Given the fact that the Chayne is bordered on three sides by commercial forestry of various ages, I was aware that Galloway’s numerous woodland management bodies are involved in some sort of biodiversity work. They’ve planted apologetic stands of rowan and birch amongst their sitka swathes, which serve no purpose other than to show that they’re slightly ashamed of having put in a toxic monoculture last time around. These little publicity stunts won’t do much good for black grouse, and it’s interesting to see how the persecuted “woodland pest” of the 1960s and 1970s has become the flagship for today’s forestry conservation work.
The association that black grouse have with trees is subject to a great deal of controversy. The birds clearly use trees at certain times of year, but they are not woodland birds by any stretch of the imagination. Many woodland projects in the south of Scotland claim to be being planted in the name of black grouse conservation, and several are in the process of destroying quality moorland habitat and replacing it with vermin infested woodland which quickly loses its potential to sustain anything. When I first went (naively) to the RSPB for advice on black grouse conservation, I was told to plant the moorland and watch the birds go from strength to strength. If I ever meet that consultant again, he’s in for an earful.
Black grouse were at their most plentiful in Scotland in the late eighteenth century, at a time when Dr. Johnson toured the country and remarked that “a tree in Scotland is as rare as a horse in Venice”. Scotland’s woodlands were non existent, but, as Walter Scott wrote at the time, “the hills are ever thick with blackcock”. Our birds don’t need trees half as much as they need well managed moorland and protection from predators.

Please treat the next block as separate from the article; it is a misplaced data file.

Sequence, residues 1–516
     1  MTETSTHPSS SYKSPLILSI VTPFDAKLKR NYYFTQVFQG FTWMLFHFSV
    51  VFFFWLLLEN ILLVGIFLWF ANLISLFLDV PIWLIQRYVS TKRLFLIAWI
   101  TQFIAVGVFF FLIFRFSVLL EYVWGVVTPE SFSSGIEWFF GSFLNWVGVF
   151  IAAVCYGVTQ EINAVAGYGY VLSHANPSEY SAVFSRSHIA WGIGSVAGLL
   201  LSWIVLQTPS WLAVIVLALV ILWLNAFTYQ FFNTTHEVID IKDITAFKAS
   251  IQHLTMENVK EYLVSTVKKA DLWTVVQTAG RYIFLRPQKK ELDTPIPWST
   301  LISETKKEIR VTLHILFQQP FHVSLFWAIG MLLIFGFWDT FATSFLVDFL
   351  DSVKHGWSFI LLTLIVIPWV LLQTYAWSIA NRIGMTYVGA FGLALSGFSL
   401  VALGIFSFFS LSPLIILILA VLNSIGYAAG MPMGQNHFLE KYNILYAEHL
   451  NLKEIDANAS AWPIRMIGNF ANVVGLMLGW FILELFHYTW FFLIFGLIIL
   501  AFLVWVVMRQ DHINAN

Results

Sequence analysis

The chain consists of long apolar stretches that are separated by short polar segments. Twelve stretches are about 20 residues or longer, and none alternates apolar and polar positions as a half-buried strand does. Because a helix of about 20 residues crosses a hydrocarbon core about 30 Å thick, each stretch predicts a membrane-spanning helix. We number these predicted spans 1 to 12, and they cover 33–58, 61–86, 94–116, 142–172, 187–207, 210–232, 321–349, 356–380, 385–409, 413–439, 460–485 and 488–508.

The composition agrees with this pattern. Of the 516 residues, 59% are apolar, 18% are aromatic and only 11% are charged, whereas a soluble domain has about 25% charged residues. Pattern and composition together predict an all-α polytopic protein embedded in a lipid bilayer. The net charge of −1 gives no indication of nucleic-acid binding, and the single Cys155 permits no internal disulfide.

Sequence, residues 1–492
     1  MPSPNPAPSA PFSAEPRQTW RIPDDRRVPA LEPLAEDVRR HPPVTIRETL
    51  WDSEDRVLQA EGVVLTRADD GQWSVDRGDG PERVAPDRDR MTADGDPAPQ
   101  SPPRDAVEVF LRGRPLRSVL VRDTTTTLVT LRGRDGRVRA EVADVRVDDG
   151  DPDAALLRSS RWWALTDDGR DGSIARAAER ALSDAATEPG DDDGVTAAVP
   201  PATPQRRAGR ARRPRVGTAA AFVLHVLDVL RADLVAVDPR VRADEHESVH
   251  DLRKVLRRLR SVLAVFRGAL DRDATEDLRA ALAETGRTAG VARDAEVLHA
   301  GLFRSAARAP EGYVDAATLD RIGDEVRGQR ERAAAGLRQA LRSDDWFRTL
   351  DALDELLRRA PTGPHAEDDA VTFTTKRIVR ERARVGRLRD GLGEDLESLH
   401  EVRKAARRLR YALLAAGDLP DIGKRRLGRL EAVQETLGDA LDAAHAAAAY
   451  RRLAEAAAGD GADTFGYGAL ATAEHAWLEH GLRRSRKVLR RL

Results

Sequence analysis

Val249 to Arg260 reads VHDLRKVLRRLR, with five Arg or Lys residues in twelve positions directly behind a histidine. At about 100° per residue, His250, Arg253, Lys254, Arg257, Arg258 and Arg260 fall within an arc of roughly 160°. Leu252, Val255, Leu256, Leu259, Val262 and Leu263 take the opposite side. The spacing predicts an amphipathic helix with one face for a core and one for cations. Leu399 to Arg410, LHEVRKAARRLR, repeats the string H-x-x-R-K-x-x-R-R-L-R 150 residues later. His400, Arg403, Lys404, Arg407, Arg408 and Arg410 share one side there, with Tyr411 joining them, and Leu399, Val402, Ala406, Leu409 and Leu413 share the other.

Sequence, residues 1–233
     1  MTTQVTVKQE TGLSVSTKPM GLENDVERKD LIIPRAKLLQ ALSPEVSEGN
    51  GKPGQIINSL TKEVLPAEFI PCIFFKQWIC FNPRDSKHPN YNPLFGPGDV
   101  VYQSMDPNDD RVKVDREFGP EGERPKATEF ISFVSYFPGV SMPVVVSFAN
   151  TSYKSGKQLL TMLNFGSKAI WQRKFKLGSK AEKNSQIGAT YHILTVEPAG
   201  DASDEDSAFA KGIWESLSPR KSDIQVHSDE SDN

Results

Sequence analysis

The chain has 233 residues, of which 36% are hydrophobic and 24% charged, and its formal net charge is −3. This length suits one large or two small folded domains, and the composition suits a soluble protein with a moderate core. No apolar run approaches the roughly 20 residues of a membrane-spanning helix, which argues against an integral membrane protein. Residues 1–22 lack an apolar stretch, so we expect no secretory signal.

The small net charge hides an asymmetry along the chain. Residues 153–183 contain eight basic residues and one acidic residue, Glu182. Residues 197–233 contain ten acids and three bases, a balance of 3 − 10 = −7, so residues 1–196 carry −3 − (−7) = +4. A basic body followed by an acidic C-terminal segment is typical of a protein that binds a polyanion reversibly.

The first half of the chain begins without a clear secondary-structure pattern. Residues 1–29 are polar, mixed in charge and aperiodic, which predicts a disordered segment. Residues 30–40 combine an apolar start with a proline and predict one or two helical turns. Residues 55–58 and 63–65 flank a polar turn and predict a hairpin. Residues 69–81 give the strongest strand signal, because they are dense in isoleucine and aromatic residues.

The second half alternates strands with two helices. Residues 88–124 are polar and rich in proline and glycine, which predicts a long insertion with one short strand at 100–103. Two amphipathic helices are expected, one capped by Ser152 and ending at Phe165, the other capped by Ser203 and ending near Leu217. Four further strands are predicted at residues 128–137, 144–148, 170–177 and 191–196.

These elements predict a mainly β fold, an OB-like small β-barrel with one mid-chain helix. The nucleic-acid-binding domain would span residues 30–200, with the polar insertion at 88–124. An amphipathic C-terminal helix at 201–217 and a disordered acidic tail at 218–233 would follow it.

Planting large quantities of trees for black grouse is a fool’s errand, and the money is always far better spent on burning heather and killing foxes. However, with an overweight First Minister demanding that 25% of Scotland be covered with trees by 2050, misleading advice is everywhere. Hardly surprisingly, SNH, Forestry Commission Scotland and RSPB Scotland all get grants, funding or subsidy from the Scottish Executive, so the idea that trees encourage black grouse is a nice spin to put on an idiotic political goal.
As a result, black grouse are now being used as a tool by forest managers who are trying to justify their ongoing destruction of the uplands, and by rustly jacketed suburban researchers with obvious financial motives. Foresters were the single handed source of black grouse collapse in Dumfries and Galloway. To see them strut and boast about their valiant conservation crusade today would be funny if it weren’t so tragic.
Having been shown apparently “secret” (although God knows why) RSPB survey figures for black grouse in Dumfries and Galloway this spring, I see that there are a number of leks within five miles of the Chayne, and they lie in almost every direction. My only hope is that the credit crunch puts paid to any new plantations which have been spuriously “designed” to sustain and bolster their numbers.